There were bullet casings scattered throughout the crime scene, which officials said would take up to a week to fully process.
"This was a large, complex crime scene," said Jones, who has described it as one of the worst he has seen in his 22 years with the FBI. "Much work remains to be done."
The suspect has undergone surgery and remains in a hospital under police guard. While he was receiving medical treatment, he told a SWAT team member that he wanted all Jews to die because they were committing genocide against "his people," Pittsburgh police wrote in their criminal complaint.
As the bullets rang out, the suspect also made statements relating "genocide and his desire to kill Jewish people," said Brady, the US attorney.
He "commented to one law enforcement officer, in substance, 'they're committing genocide to my people. I just want to kill Jews,'" and "repeated comments regarding genocide, his desire to kill Jewish people, and that Jewish people needed to die," according to a federal complaint.
The suspect had also frequently railed against Jews and other minorities on Gab, a social media platform popular with the alt-right.
But Brady said the shooting was being treated, for now, as a hate crime, rather than an act of domestic terrorism.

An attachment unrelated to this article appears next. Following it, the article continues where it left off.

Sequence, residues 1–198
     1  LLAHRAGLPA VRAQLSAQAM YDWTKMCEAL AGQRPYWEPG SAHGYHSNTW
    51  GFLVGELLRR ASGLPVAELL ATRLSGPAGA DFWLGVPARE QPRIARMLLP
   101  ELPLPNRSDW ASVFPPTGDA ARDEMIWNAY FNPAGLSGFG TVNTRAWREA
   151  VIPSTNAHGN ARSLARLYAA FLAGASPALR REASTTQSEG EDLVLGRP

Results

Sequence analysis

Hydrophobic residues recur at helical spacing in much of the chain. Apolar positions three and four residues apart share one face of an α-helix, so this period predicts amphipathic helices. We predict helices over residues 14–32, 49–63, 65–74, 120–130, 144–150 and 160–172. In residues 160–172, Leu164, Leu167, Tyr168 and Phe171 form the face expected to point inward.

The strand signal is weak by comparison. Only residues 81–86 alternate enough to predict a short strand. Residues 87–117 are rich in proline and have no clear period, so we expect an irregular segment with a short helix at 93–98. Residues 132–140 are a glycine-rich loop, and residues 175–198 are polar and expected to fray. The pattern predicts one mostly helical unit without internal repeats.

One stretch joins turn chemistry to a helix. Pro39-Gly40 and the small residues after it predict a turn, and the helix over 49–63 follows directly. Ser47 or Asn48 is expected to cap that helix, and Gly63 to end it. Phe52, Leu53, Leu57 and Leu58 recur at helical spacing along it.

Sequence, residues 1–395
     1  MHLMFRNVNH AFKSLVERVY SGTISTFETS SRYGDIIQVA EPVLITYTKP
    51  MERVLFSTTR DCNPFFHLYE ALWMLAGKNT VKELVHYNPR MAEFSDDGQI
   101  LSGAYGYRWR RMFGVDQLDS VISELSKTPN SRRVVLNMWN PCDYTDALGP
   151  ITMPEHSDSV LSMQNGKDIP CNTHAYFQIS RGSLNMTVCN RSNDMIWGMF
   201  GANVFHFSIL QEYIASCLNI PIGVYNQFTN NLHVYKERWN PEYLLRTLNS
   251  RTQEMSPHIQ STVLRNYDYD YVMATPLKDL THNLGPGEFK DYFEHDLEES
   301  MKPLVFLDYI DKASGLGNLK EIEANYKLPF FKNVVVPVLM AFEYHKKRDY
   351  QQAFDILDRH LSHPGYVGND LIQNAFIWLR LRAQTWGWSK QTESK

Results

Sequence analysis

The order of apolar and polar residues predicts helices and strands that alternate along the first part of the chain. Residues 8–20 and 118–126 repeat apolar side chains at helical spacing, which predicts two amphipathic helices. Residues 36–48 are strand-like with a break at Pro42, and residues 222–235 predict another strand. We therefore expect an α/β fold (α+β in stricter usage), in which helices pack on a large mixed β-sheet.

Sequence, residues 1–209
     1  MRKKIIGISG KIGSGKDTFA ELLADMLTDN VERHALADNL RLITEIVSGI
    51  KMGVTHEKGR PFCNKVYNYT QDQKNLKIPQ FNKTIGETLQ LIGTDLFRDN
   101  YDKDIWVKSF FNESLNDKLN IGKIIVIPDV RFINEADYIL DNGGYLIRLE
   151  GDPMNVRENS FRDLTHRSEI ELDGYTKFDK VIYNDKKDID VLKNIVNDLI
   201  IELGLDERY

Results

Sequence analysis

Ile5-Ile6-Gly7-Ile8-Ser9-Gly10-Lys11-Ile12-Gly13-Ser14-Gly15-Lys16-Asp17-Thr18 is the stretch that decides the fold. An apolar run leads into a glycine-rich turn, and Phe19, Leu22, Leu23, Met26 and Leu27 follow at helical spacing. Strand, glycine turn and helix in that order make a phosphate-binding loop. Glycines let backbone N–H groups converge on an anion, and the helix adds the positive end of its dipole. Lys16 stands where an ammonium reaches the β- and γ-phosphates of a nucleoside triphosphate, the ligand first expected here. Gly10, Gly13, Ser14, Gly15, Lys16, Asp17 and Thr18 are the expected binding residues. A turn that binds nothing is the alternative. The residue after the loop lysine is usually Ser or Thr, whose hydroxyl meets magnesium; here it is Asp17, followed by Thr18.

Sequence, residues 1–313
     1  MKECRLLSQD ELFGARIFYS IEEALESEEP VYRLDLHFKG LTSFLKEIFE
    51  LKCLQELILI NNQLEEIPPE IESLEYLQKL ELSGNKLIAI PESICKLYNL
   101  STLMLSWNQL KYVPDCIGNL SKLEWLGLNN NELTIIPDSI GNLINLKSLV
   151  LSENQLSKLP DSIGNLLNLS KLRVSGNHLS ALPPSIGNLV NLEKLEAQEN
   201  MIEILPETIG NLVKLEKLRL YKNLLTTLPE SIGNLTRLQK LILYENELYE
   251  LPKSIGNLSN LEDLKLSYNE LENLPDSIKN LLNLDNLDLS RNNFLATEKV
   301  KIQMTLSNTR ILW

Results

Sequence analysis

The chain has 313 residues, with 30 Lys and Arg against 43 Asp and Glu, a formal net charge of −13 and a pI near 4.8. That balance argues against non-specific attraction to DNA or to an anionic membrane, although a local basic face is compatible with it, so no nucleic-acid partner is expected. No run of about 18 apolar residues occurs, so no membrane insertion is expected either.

"A hate crime is where an individual is animated by a hatred or a certain animus toward a person of a certain ethnicity or religious faith," he explained. "It becomes domestic terrorism where there's an ideology that that person is also trying to propagate through violence."
Brady said investigators would "continue to see where that line is."
The suspect is scheduled to make a court appearance on Monday morning.
The bodies of the 11 victims have been identified by the Allegheny County medical examiner's office. The dead included a husband and wife, and a pair of brothers. The oldest was 97; the youngest, 54.
They were publicly named on Sunday morning as:
- Joyce Fienberg, 75
- Richard Gottfried, 65
- Rose Mallinger, 97
- Jerry Rabinowitz, 66
- Cecil Rosenthal, 59
- David Rosenthal, 54
- Bernice Simon, 84
- Sylvan Simon, 86
- Daniel Stein, 71
- Melvin Wax, 88
- Irving Younger, 69